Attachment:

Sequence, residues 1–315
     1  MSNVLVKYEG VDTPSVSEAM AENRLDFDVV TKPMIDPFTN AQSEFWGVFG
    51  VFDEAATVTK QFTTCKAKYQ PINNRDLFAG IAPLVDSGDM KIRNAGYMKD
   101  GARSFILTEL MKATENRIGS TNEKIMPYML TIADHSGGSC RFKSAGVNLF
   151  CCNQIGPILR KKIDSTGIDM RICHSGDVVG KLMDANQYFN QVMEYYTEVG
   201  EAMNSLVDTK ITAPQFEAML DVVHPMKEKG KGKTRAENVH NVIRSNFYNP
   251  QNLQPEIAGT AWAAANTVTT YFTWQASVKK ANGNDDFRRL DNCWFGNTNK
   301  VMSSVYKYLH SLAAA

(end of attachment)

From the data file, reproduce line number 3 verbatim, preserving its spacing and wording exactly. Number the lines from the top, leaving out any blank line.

    51  VFDEAATVTK QFTTCKAKYQ PINNRDLFAG IAPLVDSGDM KIRNAGYMKD